Threat Hunting with Wire Data: User Agent Hunting

The threat hunting discipline continues to evolve in the security industry as organizations seek to become more proactive at finding threats to their infrastructure and engaging in what his fast becoming a “hand-to-hand” combat situation in IT security. At the time of this article there where over 7100 job postings on linked in with the terms “Threat Hunting” or “Threat Intelligence”. The deluge of data that we have undertaken in the last ten years has resulted in significant noise and difficulty finding context within the myriad of disparate data sources that exist in an enterprise. In this post, I want to discuss how we can “cut out the middle-man” in our “quest for context” gaining much needed agility, speed and making our investments in mash-up technologies such as SIEMs, big data lakes and innovations like Sqrrl more efficient and less work.

The case for wire data:
I tend to over use the title above but I think there is a significant case for leveraging wire data to gain context. In the case of this specific hunt, I am going to search specifically for non-standard user agents that I note on my network. UA hunting is relatively common and while most hackers worth their salt will change the user agent name to hide there is still a large number of solutions that do not, specifically IoT devices, of which millions will be purchased in the next few weeks that could be arbitrarily connected to your networks. The case for using wire data here is that, YES, you can log user agent in your web logs and parse them out, write them to SIEM or database then query them to find those user agents that you consider to be actionable. This is the “Middle Man” I am trying to eliminate. You may need to collect several terabytes of logs that need to be indexed (not always free) and stored (not always fast). Leveraging the ExtraHop wire data analytics platform, we are parsing non-standard User-Agents directly off the wire (no “middle-man”) and bring context to the surface within milliseconds. This data can now be send to your back end SIEM, data lake or Sqrrl instance delivering a much higher (term I like to use) “intelligence yield” as, in addition to populating dashboards, integrating with orchestration API’s and creating alerts and emails, you line your threat intelligence coffers with BETTER DATA! Better SIEM, better data-lake, better back end systems.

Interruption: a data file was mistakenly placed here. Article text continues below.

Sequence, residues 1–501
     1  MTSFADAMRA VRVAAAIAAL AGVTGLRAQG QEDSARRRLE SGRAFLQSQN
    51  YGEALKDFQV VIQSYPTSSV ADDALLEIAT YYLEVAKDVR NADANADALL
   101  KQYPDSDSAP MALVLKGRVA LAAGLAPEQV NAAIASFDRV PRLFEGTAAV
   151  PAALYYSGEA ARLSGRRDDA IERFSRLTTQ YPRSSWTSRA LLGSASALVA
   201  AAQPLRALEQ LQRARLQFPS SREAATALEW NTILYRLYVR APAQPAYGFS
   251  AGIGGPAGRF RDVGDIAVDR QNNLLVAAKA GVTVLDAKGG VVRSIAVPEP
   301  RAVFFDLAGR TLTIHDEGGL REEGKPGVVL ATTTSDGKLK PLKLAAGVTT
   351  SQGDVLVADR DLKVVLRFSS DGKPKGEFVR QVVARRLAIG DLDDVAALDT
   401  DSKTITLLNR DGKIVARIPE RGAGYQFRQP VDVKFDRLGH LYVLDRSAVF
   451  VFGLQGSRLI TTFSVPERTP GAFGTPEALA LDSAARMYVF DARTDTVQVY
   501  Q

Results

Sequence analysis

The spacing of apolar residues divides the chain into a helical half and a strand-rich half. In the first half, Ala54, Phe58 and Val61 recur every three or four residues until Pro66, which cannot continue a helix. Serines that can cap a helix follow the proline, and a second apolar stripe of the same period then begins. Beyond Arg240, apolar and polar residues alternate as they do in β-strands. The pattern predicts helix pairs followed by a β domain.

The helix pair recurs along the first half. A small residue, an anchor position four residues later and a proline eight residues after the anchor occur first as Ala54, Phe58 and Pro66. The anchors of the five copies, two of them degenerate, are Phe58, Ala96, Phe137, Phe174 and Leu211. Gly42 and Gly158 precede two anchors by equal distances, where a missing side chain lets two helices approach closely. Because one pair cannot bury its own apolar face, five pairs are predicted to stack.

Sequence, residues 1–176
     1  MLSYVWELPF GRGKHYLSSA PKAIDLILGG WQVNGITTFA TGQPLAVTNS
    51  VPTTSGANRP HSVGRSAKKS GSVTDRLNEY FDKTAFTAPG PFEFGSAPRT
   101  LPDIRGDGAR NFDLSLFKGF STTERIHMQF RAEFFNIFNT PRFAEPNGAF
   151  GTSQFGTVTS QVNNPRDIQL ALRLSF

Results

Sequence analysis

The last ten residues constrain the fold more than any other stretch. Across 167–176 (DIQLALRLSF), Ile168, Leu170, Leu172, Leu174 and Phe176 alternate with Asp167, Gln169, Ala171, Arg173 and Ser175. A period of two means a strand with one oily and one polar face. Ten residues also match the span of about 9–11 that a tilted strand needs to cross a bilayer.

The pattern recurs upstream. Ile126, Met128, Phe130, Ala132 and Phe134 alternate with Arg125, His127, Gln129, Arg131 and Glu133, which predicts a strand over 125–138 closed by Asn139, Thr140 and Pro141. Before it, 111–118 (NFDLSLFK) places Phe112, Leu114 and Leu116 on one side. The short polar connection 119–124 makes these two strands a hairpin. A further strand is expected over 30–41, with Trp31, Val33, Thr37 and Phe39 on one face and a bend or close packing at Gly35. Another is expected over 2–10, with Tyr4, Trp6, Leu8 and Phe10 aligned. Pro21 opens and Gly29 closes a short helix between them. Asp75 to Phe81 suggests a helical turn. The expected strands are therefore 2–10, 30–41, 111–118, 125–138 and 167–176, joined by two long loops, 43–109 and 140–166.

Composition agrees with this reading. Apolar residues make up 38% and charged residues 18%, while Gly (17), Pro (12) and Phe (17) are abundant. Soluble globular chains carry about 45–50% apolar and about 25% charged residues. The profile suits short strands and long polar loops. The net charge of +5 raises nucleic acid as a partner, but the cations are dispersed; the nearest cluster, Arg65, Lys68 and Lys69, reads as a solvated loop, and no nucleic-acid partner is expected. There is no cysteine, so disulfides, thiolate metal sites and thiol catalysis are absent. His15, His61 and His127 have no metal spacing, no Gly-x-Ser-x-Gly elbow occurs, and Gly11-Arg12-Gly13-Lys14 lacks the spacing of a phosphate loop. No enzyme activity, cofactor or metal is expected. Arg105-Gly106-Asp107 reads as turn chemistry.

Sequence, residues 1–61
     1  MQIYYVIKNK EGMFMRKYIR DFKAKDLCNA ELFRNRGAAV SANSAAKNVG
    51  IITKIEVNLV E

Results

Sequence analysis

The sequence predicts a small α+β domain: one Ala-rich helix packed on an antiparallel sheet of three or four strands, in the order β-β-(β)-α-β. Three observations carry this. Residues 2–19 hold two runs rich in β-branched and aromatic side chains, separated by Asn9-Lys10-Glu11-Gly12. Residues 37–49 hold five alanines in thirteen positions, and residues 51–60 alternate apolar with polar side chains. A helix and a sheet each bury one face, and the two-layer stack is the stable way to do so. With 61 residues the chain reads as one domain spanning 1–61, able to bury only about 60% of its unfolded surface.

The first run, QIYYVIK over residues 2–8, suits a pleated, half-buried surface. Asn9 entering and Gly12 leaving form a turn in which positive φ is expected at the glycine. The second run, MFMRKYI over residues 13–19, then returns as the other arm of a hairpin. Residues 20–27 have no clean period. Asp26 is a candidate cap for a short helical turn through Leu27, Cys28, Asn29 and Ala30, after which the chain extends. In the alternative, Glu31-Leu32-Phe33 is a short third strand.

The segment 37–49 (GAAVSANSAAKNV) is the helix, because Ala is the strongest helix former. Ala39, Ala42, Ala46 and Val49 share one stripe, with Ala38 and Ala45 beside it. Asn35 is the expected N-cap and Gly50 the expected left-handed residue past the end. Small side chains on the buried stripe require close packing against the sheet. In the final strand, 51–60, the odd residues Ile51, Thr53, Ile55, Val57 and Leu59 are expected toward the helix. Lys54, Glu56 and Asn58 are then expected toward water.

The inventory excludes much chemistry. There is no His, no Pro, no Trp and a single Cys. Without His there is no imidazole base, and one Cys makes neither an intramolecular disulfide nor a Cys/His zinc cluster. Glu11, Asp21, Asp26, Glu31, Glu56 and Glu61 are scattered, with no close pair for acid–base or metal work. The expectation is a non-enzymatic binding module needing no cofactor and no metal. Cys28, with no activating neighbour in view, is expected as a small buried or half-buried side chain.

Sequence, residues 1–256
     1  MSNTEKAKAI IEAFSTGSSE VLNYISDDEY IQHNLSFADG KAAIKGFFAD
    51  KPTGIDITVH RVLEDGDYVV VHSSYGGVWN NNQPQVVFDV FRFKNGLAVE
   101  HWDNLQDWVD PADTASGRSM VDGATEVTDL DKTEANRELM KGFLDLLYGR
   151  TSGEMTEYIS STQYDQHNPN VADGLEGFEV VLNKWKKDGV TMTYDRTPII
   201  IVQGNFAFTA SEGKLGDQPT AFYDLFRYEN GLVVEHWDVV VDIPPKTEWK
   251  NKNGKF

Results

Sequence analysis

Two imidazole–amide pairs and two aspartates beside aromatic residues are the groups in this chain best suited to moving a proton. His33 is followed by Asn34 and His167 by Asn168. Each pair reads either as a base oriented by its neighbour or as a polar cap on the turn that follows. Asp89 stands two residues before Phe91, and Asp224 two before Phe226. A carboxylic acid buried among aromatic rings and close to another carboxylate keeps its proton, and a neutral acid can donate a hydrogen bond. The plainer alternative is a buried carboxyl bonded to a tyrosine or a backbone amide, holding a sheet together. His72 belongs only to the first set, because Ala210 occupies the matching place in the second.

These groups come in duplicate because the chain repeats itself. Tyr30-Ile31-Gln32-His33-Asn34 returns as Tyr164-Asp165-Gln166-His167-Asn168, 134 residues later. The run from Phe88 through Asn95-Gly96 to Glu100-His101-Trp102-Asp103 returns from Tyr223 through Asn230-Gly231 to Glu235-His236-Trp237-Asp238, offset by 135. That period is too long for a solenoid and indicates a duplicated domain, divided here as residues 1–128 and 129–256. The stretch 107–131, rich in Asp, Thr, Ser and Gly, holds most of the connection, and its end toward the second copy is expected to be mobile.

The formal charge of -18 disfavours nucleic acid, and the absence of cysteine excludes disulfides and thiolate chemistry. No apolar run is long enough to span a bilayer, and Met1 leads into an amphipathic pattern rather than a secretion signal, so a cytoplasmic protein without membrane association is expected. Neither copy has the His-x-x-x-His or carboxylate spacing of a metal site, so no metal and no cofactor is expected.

Below is a dashboard created specifically for the UA Hunt inspired by the threat hunting project that includes the following metrics:

  • Total number of unique user-agents per host (If your server has 7 unique user agents…it might have some malware or unauthorized software on it)
  • Unique IPs by non-standard User Agent.
  • Python and PowerShell user-agents (POSH is rapidly becoming the weapon of choice for a number of bad actors, if they use it to phone home….BUSTED!)
  • Geo-coded INGRESS and EGRESS (Example: if you don’t do business with Belarus, maybe you should look into the POSH user agent connected to it…)

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Drilling Down:
You can also drill down into the specific conversations that were observed to get an idea of the client/server involved in the conversation as well as the request/response bytes (how big a file was sent) and URI.

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Clicking the bull’s eye on the left will take you to the packets that can then be downloaded and analyzed as well.

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Conclusion:
The “Data problem” is a big one, solving it requires re-thinking how/where we do analytics. Back end SIEMs and data lakes are in desperate need of better data while not everything will send Syslog messages or Netflow data the common thread in all of the devices we are trying to secure is wire data. If it has an IP address, we can monitor it and log it. Threading wire data analytics into your security strategy will add significant agility, shutter speed and a higher intelligence yield making your entire security practice more effective. This is just one example of threat hunting with Wire Data and ExtraHop. Future posts will include the following hunts:

  • Detecting lateral movement via Explicit Credentials
  • Beacon Detection
  • Dynamic DNS
  • URI Analysis
  • Command and Control Detection
  • PSEXEC
  • External RDP
  • Webshells
  • Rogue Listeners

Threat hunting with wire data brings an entirely new data source to threat hunters and practitioners. Leveraging ExtraHop’s open solution that includes integration with REST API’s will make solving the “data problem” much easier and save you the time, cost and effort of parsing through terabytes and even petabytes of data to gain context.

Thanks for reading!

John Smith
Security Engineer, ExtraHop Networks.

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